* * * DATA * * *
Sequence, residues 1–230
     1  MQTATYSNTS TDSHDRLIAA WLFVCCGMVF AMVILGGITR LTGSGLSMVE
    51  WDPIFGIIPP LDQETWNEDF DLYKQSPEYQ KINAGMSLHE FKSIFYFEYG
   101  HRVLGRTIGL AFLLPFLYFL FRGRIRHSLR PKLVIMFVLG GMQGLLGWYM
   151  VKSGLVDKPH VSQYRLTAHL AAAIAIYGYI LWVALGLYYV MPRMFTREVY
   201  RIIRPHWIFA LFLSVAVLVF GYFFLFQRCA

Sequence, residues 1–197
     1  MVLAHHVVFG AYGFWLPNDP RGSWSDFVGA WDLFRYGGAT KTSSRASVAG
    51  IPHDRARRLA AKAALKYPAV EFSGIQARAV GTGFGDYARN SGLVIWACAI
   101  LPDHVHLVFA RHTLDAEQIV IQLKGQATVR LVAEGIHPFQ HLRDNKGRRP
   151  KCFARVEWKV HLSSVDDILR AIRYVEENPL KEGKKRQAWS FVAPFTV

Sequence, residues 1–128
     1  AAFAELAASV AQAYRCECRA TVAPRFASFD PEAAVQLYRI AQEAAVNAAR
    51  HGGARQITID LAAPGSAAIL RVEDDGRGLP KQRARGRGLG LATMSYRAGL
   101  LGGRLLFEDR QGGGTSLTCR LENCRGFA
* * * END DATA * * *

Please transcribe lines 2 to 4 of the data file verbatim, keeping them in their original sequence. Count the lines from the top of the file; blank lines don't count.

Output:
     1  MQTATYSNTS TDSHDRLIAA WLFVCCGMVF AMVILGGITR LTGSGLSMVE
    51  WDPIFGIIPP LDQETWNEDF DLYKQSPEYQ KINAGMSLHE FKSIFYFEYG
   101  HRVLGRTIGL AFLLPFLYFL FRGRIRHSLR PKLVIMFVLG GMQGLLGWYM